Monday, 13 May, 2024

Ex-security chief expects to become Hong Kong’s new leader



John Lee has promised to relaunch the Chinese special administrative region as an international city and bolster its competitiveness.

John Lee, former No. 2 official in Hong Kong, and the only candidate for the city's top job, attends his 2022 chief executive electoral campaign rally in Hong Kong, Friday, May 6, 2022.
John Lee, former No. 2 official in Hong Kong, and the only candidate for the city’s top job, attends his 2022 chief executive electoral campaign rally in Hong Kong, Friday, May 6, 2022. (AP)

HongKong's leader-in-waiting, John Lee, is expected to be endorsed for the city's top job on Sunday by a committee stacked with pro-Beijing loyalists, as the financial hub attempts to relaunch itself after several years of political upheaval.

Some 1,500 members of a pro-Beijing election committee will cast their votes for Lee, the sole candidate, on Sunday morning at a harbourfront convention centre, with a simple majority required to anoint him as HongKong's next leader.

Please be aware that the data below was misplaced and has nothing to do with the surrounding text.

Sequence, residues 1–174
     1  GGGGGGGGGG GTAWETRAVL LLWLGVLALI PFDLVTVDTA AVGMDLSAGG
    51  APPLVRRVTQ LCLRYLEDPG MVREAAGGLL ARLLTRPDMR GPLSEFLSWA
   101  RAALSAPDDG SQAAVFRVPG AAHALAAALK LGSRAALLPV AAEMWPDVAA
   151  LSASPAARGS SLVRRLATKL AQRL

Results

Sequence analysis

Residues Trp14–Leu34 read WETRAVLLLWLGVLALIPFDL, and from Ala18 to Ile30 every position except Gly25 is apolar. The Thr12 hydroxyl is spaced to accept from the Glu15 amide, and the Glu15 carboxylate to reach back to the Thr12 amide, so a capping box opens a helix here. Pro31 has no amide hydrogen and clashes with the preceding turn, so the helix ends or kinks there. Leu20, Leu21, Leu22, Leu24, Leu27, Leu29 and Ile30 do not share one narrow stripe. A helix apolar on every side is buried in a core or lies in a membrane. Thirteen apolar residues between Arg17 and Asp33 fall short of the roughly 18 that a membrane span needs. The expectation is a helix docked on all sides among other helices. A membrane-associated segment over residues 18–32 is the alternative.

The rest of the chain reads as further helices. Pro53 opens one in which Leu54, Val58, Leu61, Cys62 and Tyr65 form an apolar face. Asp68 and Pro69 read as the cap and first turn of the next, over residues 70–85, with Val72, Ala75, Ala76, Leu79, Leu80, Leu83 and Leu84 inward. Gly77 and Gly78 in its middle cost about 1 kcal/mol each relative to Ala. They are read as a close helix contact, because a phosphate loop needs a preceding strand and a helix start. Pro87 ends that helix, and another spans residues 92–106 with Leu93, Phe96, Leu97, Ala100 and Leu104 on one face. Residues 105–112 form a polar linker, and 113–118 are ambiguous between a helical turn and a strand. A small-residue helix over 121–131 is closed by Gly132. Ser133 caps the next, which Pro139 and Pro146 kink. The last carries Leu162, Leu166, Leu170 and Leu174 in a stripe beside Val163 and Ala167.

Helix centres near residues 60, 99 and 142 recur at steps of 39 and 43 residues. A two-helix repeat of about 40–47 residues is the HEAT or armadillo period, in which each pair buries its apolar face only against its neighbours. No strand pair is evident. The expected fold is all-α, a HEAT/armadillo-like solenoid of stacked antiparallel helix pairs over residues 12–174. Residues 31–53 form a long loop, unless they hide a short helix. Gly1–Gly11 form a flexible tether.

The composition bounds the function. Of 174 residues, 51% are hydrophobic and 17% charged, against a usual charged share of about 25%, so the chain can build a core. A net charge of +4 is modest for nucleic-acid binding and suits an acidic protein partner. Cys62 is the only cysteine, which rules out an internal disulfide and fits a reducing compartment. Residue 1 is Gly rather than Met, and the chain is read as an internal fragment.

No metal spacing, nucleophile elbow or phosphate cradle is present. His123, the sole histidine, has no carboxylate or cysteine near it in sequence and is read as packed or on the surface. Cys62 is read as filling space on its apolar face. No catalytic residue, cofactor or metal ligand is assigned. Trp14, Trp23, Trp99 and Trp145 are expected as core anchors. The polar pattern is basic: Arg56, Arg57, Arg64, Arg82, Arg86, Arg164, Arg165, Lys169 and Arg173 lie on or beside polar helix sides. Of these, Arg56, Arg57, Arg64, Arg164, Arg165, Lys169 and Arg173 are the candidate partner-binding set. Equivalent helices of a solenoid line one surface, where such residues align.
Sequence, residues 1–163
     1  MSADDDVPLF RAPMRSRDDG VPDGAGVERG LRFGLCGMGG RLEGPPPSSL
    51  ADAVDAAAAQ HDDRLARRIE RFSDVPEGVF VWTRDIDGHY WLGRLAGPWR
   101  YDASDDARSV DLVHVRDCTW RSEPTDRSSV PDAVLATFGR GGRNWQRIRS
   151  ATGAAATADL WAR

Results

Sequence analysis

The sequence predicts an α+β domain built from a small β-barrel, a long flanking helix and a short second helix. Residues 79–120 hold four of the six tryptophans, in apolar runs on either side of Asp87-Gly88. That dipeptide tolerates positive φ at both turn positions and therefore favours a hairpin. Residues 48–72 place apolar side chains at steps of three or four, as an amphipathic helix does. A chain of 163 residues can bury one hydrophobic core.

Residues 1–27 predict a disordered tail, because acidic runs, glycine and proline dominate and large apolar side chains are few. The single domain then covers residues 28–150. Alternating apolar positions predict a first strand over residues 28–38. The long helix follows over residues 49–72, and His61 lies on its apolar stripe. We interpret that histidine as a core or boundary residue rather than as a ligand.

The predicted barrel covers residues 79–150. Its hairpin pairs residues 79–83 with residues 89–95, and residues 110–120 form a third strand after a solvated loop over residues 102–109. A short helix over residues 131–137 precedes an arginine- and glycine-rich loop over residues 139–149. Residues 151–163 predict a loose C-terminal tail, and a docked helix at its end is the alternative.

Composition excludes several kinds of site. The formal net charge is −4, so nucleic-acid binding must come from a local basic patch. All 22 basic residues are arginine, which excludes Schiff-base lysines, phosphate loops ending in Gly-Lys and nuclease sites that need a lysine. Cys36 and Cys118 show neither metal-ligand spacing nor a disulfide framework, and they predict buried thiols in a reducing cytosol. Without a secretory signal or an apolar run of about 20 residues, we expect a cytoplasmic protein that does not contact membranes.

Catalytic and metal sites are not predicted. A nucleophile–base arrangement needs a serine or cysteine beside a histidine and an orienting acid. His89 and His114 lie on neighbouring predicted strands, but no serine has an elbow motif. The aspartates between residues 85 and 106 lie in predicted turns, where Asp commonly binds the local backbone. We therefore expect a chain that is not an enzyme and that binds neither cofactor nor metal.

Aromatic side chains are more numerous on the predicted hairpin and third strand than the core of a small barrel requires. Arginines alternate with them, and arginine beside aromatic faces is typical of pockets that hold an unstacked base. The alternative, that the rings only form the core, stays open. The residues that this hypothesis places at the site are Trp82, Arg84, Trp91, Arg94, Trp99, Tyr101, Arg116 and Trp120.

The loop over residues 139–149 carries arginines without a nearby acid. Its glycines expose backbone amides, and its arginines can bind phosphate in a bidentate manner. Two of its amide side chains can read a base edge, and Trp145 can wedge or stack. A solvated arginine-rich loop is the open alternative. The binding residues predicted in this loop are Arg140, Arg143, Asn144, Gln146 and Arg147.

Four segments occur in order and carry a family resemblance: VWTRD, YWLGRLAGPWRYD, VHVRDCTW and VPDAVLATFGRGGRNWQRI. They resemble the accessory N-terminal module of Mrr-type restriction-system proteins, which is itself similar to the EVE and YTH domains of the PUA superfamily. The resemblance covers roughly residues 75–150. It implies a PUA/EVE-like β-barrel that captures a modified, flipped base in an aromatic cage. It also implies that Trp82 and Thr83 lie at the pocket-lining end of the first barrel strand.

Few of the city's 7.4 million people have any say in choosing their leader, despite China's promises to one day grant full democracy to the former British colony, which returned to Chinese rule in 1997.

Lee, a former HongKongsecretary for security, has forcefully implemented China's harsher regime under a national security law that has been used to arrest scores of democrats, disband civil society groups and shutter liberal media outlets, such as Apple Daily and Stand News.

He has pledged to relaunch Hong Kong as an international city and bolster its competitiveness, amid concerns among some Western governments, including the United States, that freedoms and the rule of law have been undermined by the security legislation that was imposed by Beijing in 2020.

READ MORE: Hong Kong deputy chief resigns to run in May's leadership election

Accordance with law

Chinese authorities say the law is necessary to restore stability after protracted pro-democracy protests in 2019.

Some critics say Lee's attempts to relaunch HongKonginternationally could be affected by sanctions imposed on him by the United States in 2020 over what Washington said was his role in "being involved in coercing, arresting, detaining, or imprisoning individuals" under the security law.

YouTube owner Alphabet Inc has said it took down the Lee campaign's YouTube account to comply with US sanction laws.

Lee, who says enacting more national security laws for HongKongwill be a "priority" for him after taking office, has often said HongKongis a law-abiding society and that everyone must act in accordance with the law.

Among his other priorities as Hong Kong's leader, Lee has said he will restructure the government to bolster policy-making and try to boost housing supply in one of the world's most expensive housing markets.

READ MORE:Hong Kong leader Carrie Lam to step down, won't seek second term

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